Wednesday, April 16, 2014

Memoirs: My Left Foot by Christy Brown

Published when the author was only 22 years old, My Left Foot is the story of an extraordinary person. Christy Brown was an imaginative, sensitive soul trapped in a body twisted and crippled by cerebral palsy. Barely able to talk, at the age of five he picked up a piece of chalk with his left foot, the only part of the body with any flexibility, and thus began to communicate.

Brown has the Irish gift of storytelling, and writes simply and lirically about his life. At times, when he tells of his feelings of loneliness, entrapment and suffocation, it is heartbreakingly painful. But through painting and writing - with his left foot - he is able to express his pent-up feelings and experience moments of transcendence. One of the most moving scenes is of the candlelight procession at Lourdes, which Brown describes as 'the most beautiful moment of my life'.
The book is not without humour, however. particularly funny are the author's descriptions of his large brood of siblings, who take him on adventures through working-class Dublin in a battered little go-cart named Henry.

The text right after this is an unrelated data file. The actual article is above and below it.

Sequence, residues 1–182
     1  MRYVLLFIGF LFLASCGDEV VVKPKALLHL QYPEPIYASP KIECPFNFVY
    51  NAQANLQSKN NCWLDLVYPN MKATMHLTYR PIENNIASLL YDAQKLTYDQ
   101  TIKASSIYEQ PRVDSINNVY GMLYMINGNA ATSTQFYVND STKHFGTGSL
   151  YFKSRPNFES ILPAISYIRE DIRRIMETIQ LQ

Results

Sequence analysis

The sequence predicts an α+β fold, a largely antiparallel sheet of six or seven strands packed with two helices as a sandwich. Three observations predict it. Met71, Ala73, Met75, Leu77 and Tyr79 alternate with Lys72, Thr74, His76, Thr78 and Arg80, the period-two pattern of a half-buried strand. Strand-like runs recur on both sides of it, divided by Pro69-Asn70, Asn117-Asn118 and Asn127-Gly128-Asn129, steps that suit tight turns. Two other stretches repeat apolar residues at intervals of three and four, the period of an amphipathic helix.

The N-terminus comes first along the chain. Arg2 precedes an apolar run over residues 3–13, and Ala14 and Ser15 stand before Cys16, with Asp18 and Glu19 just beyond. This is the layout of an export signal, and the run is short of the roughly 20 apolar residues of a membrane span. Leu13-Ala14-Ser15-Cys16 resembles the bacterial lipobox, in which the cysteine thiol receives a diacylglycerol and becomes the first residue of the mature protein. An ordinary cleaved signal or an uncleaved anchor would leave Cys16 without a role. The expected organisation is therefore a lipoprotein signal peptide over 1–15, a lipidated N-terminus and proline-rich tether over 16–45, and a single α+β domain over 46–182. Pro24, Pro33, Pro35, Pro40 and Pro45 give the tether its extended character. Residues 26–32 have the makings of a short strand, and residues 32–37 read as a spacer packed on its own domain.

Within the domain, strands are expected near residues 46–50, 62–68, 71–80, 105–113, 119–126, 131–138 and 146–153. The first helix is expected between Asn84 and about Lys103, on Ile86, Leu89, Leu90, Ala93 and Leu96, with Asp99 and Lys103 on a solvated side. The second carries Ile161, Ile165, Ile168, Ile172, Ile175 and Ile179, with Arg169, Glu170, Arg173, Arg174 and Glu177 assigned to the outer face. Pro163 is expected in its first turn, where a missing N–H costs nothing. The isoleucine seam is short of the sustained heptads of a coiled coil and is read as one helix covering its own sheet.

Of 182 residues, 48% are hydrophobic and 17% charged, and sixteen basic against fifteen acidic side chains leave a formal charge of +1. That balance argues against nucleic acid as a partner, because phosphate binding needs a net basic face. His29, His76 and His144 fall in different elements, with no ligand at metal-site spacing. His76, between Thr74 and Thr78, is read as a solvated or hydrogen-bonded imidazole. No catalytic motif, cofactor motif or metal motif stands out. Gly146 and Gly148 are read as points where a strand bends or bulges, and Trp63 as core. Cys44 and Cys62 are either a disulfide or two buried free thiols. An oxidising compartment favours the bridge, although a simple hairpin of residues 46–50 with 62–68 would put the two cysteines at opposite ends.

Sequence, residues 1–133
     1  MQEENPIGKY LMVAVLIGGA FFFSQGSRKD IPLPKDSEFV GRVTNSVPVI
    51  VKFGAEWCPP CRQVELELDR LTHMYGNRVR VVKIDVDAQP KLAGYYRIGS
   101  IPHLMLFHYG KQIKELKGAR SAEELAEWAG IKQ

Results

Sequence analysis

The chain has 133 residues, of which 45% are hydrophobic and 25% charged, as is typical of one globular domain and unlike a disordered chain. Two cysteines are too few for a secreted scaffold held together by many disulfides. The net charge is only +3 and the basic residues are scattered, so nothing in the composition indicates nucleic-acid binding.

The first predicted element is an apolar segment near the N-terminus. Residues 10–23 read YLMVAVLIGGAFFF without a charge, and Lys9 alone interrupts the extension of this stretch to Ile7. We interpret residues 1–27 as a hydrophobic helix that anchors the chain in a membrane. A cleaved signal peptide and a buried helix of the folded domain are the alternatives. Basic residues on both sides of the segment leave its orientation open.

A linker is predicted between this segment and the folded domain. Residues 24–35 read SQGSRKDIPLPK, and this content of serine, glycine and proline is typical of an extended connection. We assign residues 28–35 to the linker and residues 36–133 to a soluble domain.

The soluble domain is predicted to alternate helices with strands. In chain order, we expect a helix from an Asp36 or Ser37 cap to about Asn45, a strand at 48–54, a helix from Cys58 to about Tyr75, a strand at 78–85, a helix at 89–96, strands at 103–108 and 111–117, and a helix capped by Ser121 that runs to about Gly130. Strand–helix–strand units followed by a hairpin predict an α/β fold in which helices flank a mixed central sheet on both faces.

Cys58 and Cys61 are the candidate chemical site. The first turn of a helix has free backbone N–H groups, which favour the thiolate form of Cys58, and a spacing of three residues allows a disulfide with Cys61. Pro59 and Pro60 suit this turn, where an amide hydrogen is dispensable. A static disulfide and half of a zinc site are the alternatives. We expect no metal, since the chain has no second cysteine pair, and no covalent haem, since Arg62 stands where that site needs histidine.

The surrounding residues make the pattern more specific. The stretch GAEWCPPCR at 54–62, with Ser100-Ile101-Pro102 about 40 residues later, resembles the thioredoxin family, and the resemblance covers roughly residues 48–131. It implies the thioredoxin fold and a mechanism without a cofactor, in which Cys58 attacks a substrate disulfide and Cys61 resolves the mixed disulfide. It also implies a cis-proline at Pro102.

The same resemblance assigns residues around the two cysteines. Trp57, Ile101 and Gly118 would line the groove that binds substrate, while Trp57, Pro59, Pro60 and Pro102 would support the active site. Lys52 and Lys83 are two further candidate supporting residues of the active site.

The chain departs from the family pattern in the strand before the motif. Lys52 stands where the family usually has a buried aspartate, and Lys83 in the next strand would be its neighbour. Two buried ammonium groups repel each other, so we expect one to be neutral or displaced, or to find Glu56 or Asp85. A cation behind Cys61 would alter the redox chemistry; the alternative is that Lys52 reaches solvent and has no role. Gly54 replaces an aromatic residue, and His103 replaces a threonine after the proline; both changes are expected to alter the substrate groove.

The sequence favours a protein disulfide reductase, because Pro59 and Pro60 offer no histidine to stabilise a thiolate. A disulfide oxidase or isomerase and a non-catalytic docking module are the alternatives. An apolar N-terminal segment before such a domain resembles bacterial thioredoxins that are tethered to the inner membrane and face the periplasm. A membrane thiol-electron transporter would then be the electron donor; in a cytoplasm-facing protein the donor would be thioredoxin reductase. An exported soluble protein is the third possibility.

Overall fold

Throughout his autobiography, Brown acknowledges the friends and guides who have helped him along the way: social worker Katriona Delahunt, doctor and writer Robert Collis, teacher M. Guthrie, and especially his mother, who from the time he was born, vehemently denied that he was mentally defective and refused to let him be placed in an institution.

My Left Foot, without lapsing into sentimentality, helps us to empathize with severely disabled people and see them as complete human beings. Jim Sheridan adapted the text into an equally fine film starring Daniel Day Lewis and Brenda Fricker, both of whom received Academy Awards for their fine performances. 

Literary legacy of Christy Brown

Brown's self-proclaimed masterpiece, Down All the Days, was an ambitious project drawn largely from a playful expansion of My Left Foot; it also became an international best-seller, translated into fourteen languages. The Irish Times reviewer Bernard Share claimed the work was "the most important Irish novel since Ulysses." Like James Joyce, Brown employed the stream-of-consciousness technique and sought to document Dublin's culture through the use of humour, accurate dialects and intricate character description. Down All the Days was followed by a series of other novels, including A Shadow on Summer (1972), Wild Grow the Lilies (1976) and A Promising Career (published posthumously in 1982). He also published three poetry collections: Come Softly to My Wake, Background Music and Of Snails and Skylarks. All the poems are included in The Collected Poems of Christy Brown.


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